Aston Martin will soon unveil their 2021 challenger – the first to bear the famous marque’s name since 1960 (Red Bull’s sponsor deal aside) – and we’ll finally see just how closely it resembles the Mercedes W11 from last year.
Due to the development freeze imposed by the FIA, the Aston Martin which will be driven by Sebastian Vettel and Lance Stroll, will largely be an updated Racing Point RP20, with mostly macroscopic differences on the aerodynamics.
The team caused a stir last season when it unveiled its car, with the RP20 sharing a tremendous similarity to the Mercedes W10 from 2019, leading to the coining of the term ‘Tracing Point’.
Although Racing Point were sanctioned by the FIA – docked 15 championship points and fined €400,000 – for copying Mercedes’ rear brake ducts, much of what it did was completely legal and it’s therefore likely they will attempt to do the same again to some degree.
Mercedes W11 Rear-End
The team’s technical chief Andrew Green has never hidden the fact that their 2021 car will use the Mercedes W11 as a reference for development. There’s sensible logic to that as the car, in addition to the Mercedes Power Unit, will also run the same gearbox and rear suspension as the W11.
Under the rules, it can do this without having to spend its token allocation. This is because the gearbox and suspension components have already been approved last year on the W11. The decision in this regard was taken by mutual agreement between the teams, in order to avoid teams like Racing Point/Aston Martin running what would essentially be a two year old car.
Although Aston’s Green recently said their car would not be a simple “copy and paste” of the W11 this year, instead having its own identity, the fact it is running what is essentially the same rear-end, means it’s unavoidable that it will share the same aerodynamic philosophy.
The new Aston Martin will certainly have the rear-suspension lower triangle arm which, with the external fairing, will recreate a sort of double diffuser. The choice to have the Mercedes suspension is therefore not purely for mechanical reasons, but also for aerodynamic advantages.
In the illustration below we observe what was the layout of the rear suspension of the Mercedes W11, with the lower triangle that is planted on the deformable structure, in a more rearward position than the classic pattern with arm attachments to the gearbox.
Tokens Spent on a New Chassis
Having already decided in May the direction of the development of the Racing Point RP20 with a view to 2021, the Silverstone team spent its two tokens granted by the FIA on modifying the survival cell for aerodynamic purposes.
The homologation of the new survival cell required the passing of a new crash test, and only concerns the part of the chassis that is after section B-B. Specifically, the goal of the Aston Martin engineers was to move the side impact structure lower, under the air intake of the radiators.
Last year’s Racing Point, following what had been the concept of the Mercedes W10, remained the only team with the old style side vents, with the anti-intrusion cone still above the radiator vents.
This technical philosophy was first introduced by Ferrari in 2017, perfected aerodynamically by Red Bull in 2018, and subsequently copied by all teams in the years to come. Even Mercedes, with last year’s W11, had adopted the Ferrari matrix solution on its car for the first time. In aerodynamic terms, this solution allows the radiator outlets to be moved higher, so as to increase the space along the sidepods for the passage of air.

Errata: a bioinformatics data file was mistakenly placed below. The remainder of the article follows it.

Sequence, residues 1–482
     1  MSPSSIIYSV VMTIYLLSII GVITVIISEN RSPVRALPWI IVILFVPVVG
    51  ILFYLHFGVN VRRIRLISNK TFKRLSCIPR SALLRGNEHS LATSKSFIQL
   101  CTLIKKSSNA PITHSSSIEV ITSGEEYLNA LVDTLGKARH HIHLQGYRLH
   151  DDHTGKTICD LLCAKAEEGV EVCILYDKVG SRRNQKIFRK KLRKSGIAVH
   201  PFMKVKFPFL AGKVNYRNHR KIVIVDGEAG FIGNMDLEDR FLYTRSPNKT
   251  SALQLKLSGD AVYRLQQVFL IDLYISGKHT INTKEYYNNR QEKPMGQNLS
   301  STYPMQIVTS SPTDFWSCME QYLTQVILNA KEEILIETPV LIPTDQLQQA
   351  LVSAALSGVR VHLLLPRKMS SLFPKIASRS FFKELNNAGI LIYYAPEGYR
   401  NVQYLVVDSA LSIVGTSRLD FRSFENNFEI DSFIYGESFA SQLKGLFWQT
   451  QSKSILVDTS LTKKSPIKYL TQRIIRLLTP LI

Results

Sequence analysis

In anticipation of this change, the technicians of the former Racing Point, introduced in Mugello an important update package regarding the cooling intakes and sides: at the Tuscan GP on the homologation deadline, a series of aerodynamic modifications along the sides were seen, together with the homologation of a new arrangement of the radiant masses.
To recreate that sort of twin-plane wing along the radiator outlets, Racing Point had modified the sidepods taking inspiration from the Mercedes W11 solution. While remaining with the old layout of the side impact structure, Green’s engineers modified the aerodynamic part of the air intakes, with a hybrid solution between that of the W11 and the W10.
These modifications, available at Mugello on Stroll’s car only, had been accompanied by an extreme overhaul of the bodywork of the sidepods, which accompanied the silhouette of the new radiators in a sloping manner.
The new sidepods, clearly designed for the 2021 car, recreated a sort of chute for the flow of air that flows along the top of the car, accompanying it to the floor and extractor area. A solution more similar to what was seen on the Williams than the Mercedes W11.
Aerodynamic work continued during the winter, and the new Aston Martin may have some differences from last year’s W11, precisely because of the different management of the flows along the sides.
The aerodynamic parts of the front end will be almost identical with regards the nose and front wing, especially in the first period after the presentation. More important developments will immediately take place in the area of the barge boards, which will be modified in a consequential manner to what has been the choice of managing the flows of the side part of the car.
The side flow deflectors will not be a copy of the Mercedes, as it was with the Racing Point RP20 and the W10. This is because of the regulation change that specifies that the floor must be cut diagonally, therefore teams will have to complete their own research into the best way of recovering the loss of downforce in that area, with the bargeboards likely to be the key to that.